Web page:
I got up early (for me) and worked as hard as I could trying to get every thing done and an early lunch prepared, so we’d be ready to start cheering Pride at 1:00. Katherine called during lunch because her aide had to take off early to get a very sick daughter to the ER. Katherine did not think her afternoon aide would be able to come because she had left early the previous day for an X ray of her wrist. So I went out and watched the game with Katherine beside her hospital bed. Mary Ellen was at the farm watching with Gerald. The afternoon aide, 21 years old, actually did show up with a wristband and a carpal tunnel diagnosis and the X ray also showed some arthritis. I was especially tired from working so hard all morning, so after the aide came in, I went home and took a nap.
I slept very good with a smile on my face. After a very close game, Pride turned on in the sixth inning with seven runs. and held the Racers in their sixth and seventh innings for a final score of 8-3, I imagine Danielle Lawrie slept well too. It was her final game before retiring. She had played this summer with her mother traveling with her to care for Lawrie’s baby girl. She picked up this national tourney win in relief, allowing one run on three hits in her six innings of work. She retired 12 of the first 13 batters she faced after coming on for the Pride. What a nice way to exit.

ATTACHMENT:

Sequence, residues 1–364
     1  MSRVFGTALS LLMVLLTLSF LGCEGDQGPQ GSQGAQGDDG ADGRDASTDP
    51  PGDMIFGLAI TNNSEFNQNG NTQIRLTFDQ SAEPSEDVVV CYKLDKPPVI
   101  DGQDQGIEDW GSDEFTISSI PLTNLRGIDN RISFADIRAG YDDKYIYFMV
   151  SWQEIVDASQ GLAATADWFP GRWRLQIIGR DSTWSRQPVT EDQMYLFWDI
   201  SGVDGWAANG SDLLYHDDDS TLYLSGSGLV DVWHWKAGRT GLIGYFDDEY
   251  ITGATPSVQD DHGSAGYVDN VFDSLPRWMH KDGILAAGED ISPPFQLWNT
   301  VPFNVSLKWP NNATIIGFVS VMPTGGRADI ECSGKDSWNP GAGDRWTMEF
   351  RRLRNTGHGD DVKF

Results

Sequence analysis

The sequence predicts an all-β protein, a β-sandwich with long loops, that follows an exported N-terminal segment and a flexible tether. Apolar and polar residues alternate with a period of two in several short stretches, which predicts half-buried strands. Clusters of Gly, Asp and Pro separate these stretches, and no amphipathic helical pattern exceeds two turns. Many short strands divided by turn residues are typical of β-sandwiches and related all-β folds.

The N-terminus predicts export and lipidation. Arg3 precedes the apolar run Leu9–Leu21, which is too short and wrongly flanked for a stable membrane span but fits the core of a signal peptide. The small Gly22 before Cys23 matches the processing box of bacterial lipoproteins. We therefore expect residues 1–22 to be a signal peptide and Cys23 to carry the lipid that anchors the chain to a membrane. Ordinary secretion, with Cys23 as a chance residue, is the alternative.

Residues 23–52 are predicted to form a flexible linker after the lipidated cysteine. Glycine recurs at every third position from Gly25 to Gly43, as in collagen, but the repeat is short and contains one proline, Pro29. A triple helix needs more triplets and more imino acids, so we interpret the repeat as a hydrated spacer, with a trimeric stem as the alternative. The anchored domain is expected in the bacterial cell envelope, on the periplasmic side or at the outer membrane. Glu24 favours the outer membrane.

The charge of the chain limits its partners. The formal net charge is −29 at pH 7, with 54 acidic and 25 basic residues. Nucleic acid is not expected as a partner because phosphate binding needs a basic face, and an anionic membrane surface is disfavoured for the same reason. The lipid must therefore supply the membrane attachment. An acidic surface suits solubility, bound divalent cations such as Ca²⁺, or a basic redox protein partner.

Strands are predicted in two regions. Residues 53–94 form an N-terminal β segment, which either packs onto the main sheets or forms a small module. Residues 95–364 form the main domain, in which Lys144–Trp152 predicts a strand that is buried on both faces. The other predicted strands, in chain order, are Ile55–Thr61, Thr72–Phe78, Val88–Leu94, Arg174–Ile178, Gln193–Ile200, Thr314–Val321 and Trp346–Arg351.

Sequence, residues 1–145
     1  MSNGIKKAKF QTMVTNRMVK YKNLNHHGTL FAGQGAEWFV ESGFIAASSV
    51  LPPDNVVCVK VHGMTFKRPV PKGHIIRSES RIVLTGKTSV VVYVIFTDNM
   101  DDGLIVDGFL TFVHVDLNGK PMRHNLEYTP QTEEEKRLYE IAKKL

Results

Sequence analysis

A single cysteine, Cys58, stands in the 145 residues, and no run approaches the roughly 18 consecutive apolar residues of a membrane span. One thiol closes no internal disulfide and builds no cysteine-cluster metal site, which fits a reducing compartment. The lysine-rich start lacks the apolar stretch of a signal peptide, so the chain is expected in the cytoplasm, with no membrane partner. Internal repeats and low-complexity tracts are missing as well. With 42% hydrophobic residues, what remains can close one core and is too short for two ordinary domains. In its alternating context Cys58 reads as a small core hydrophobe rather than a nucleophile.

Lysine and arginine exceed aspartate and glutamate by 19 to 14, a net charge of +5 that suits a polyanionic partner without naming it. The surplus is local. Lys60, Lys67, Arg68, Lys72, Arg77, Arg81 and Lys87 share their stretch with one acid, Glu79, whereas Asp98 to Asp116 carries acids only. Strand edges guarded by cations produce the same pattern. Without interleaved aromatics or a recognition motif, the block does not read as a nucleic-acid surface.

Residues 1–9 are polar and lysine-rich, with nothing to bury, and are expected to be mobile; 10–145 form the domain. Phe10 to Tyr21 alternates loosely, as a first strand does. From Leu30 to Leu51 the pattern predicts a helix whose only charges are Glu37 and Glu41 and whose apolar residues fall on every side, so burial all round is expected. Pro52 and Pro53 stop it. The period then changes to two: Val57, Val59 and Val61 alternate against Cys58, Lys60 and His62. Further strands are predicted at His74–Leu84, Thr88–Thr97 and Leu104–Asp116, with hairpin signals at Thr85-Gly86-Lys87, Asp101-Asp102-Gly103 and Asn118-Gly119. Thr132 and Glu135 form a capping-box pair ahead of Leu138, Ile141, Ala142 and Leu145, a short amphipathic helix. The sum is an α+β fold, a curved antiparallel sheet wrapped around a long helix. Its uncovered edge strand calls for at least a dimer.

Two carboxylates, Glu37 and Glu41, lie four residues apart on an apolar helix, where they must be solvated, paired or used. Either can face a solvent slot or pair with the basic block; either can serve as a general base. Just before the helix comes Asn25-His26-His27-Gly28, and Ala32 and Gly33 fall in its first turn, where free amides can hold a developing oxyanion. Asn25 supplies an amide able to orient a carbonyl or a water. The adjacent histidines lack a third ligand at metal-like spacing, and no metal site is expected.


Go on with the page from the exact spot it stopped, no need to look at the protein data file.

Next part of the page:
Gerry, Vickie, and Geri Ann left
Birmingham this morning in their three
vehicles heading to ,
where Gerry will be an associate coach this year. Their house closing is not until late
September, so they will have to rent an apartment while they wait. But Bryan and Tara Archibald’s family are
already there in College Station, Texas College Station getting ready
for Tara’s new job while Bryan continues working
out of their home just as he did in . He’ll commute to Georgia area headquarters
when necessary. Tomorrow the three boys start school. They have already met their teachers. Erin is
there already since she has done some of the prep work for them, so tonight
their entire family is together at Tara and Chicago ’s place. I know they must be exhausted and I hope they
all sleep well. Bryan